A 36-year-old male, not known to have any medical illness, was complaining of intermittent band-like headache. The headache was associated with nausea and dizziness. Physical examination was grossly intact. Brain CT scan revealed an incidental hypothalamic lipoma (Figure 5).
4.6. Patient 6
A 36-year-old female, not known to have any medical illness, presented to the emergency department complaining of moderate-intensity headache. Physical examination did not reveal any deficits. Brain CT demonstrated a hypothalamic lipoma (Figure 6).
Hypothalamic lipomas in the adult and pediatric populations are rare. A review of the literature revealed few reported cases. We hereby report a retrospective review comprising six patients with incidental hypothalamic lipomas who were identified at our medical institute.
As far as the embryologic concepts are concerned, hypothalamic lipomas are neither hamartomas nor neoplasms . Rather, they develop due to congenital malformations . Lipomas can be secondarily ossified, leading to the development of osteolipomas . These lesions commonly tend to consist of mature adipose tissues and bony elements .
Hypothalamic lipomas are typically asymptomatic lesions, that is, discovered incidentally . However, large-sized lesions may compress adjacent structures producing focal neurological deficits . Additionally, hypothalamic lipomas have been well documented to contribute to hypothalamic dysfunction, including precocious puberty, hypothermia, and obesity [8–10]. In the absence of endocrinological, nutritional, or genetic dysfunction, hypothalamic lipoma can be the culprit of unexplained obesity . Puget et al. highlighted the importance of performing magnetic resonance imaging in patients with unexplained obesity to identify the presence of hypothalamic lipoma .
On neuroimaging studies, hypothalamic lipomas depict signal intensity similar to those of subcutaneous fat tissues on magnetic resonance imaging . The lesions commonly demonstrate homogenous intensity without enhancement after contrast administration . In rare cases, they may demonstrate a focus of superficial calcification that is best detected on computed tomography images, as shown in Figure 2 .
In the present case series, the diagnosis of hypothalamic lipoma was rendered after brain CT and/or MRI in all patients. The lesions were fat-suppressed in fat-saturated T2-weighted images. One of the lesions demonstrated peripheral enhancement following contrast administration. Follow-up images, in all patients, showed stable hypothalamic lipomas. Considering the benign nature of the lesions, neurosurgical intervention was not indicated. All patients had excellent outcome. Except for one patient, they are currently followed-up at the neurosurgery clinic.
The majority of patients with hypothalamic lipomas are asymptomatic and undergo brain imaging for other indications. The characteristic imaging features of hypothalamic lipomas on brain computed tomography and magnetic resonance imaging help narrow down the differential diagnoses in patients with hypothalamic lesions. Patients with hypothalamic lipoma are commonly managed conservatively with regular clinical and radiological follow-up. Although uncommon, such lesions can be identified in the general population, especially with the advancement of neuroimaging techniques.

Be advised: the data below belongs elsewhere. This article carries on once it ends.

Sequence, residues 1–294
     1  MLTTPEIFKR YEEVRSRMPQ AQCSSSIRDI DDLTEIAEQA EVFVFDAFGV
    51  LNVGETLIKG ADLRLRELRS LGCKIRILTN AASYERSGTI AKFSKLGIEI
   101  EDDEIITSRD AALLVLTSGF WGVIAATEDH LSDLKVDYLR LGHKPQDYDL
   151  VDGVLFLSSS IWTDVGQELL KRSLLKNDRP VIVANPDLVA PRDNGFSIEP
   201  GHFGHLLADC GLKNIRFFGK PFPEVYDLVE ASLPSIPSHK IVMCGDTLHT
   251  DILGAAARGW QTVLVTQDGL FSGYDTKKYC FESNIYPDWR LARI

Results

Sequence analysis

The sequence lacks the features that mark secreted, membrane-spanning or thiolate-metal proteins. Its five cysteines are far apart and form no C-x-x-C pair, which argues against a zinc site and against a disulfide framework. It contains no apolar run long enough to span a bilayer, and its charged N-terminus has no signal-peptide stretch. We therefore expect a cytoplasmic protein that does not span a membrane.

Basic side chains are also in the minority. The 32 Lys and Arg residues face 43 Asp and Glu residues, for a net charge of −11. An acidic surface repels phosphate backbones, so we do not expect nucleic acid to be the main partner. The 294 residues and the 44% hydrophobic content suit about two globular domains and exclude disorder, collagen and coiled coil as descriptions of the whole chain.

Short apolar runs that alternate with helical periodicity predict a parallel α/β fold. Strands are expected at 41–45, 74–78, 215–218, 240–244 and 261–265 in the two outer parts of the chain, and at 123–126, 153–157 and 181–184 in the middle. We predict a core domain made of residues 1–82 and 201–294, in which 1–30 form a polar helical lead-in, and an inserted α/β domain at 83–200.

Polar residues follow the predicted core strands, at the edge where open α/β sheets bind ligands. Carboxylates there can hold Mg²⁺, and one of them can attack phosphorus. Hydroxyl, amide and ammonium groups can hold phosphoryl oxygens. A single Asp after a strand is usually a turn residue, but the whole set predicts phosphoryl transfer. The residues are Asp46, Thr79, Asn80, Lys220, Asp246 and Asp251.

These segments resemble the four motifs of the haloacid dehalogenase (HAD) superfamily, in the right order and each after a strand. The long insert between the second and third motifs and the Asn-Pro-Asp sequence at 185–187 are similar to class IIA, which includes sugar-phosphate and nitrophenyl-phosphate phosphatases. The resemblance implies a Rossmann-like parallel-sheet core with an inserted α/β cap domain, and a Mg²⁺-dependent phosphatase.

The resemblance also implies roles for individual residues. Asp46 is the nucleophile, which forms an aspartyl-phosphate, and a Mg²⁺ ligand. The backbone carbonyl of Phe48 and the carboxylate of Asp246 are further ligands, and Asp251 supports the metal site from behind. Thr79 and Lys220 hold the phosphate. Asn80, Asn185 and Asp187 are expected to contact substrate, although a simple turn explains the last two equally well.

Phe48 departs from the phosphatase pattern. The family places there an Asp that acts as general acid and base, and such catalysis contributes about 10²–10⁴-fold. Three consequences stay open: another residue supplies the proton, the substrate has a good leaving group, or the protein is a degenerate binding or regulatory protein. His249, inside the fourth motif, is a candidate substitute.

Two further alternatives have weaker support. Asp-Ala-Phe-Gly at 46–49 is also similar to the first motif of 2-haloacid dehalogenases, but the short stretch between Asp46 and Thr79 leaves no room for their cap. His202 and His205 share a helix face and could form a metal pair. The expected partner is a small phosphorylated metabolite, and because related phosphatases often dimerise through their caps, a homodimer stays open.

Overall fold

|GCS:||Glasgow coma scale|
|MRI:||Magnetic resonance imaging.|
Data is available upon request.
For this type of study, formal consent is not required. All images are anonymized. Ethical approval is exempted based on the guidelines of the research center at our institution. All the procedures being performed were part of the routine care.
Conflicts of Interest
All authors certify that they have no affiliations with or involvement in any organization or entity with any financial interest (such as honoraria; educational grants; participation in speakers’ bureaus; membership, employment, consultancies, stock ownership, or other equity interest; and expert testimony or patent-licensing arrangements) or nonfinancial interest (such as personal or professional relationships, affiliations, knowledge, or beliefs) in the subject matter or materials discussed in this manuscript. The authors declare that the article content was composed in the absence of any commercial or financial relationships that could be construed as a potential conflict of interest.
Ali Alkhaibary did the conceptualization, investigations—radiological images, writing—original draft, and writing—review and editing. Noura Alsubaie did the data acquisition, writing—original draft, and writing—review and editing. Ahoud Alharbi did the data acquisition, writing—original draft, and writing—review and editing. Noor Alghanim did the data acquisition, writing—original draft, and writing—review and editing. Laila Baydhi did the data acquisition, writing—original draft, and writing—review and editing. Sami Khairy did the conceptualization, investigations—radiological images, writing—original draft, and writing—review and editing. Fahd Musawnaq did the conceptualization, investigations—radiological images, writing—original draft, and writing—review and editing. Abdulaziz Alarifi did the conceptualization, investigations—radiological images, writing—original draft, and writing—review and editing. Mohammed Alwohaibi did the conceptualization, investigations—radiological images, writing—original draft, and writing—review and editing. Ahmed Aloraidi did the conceptualization, investigations—radiological images, writing—original draft, and writing—review and editing. Makki Almuntashri did the conceptualization, investigations—radiological images, writing—original draft, and writing—review and editing. Ahmed Alkhani did the conceptualization, investigations—radiological images, writing—original draft, and writing—review and editing. All authors have critically reviewed and approved the final version of the manuscript.